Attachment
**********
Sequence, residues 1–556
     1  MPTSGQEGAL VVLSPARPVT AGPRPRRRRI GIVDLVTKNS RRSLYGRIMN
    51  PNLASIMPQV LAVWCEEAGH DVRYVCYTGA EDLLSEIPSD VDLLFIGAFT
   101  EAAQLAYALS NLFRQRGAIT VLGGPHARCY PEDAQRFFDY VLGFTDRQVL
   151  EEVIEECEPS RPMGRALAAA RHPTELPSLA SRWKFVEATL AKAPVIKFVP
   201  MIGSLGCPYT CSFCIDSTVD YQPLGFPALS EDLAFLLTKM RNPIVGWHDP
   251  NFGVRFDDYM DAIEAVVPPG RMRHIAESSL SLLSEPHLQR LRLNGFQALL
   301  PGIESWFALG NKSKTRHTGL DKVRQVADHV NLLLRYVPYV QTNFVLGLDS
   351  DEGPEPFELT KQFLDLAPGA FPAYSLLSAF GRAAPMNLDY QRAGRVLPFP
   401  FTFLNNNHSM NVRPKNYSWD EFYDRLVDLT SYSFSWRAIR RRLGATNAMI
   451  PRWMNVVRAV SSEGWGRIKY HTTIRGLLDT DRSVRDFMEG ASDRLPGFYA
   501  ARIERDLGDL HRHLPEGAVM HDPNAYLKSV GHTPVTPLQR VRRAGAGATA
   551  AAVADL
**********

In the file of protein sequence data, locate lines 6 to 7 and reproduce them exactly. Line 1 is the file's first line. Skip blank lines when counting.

   201  MIGSLGCPYT CSFCIDSTVD YQPLGFPALS EDLAFLLTKM RNPIVGWHDP
   251  NFGVRFDDYM DAIEAVVPPG RMRHIAESSL SLLSEPHLQR LRLNGFQALL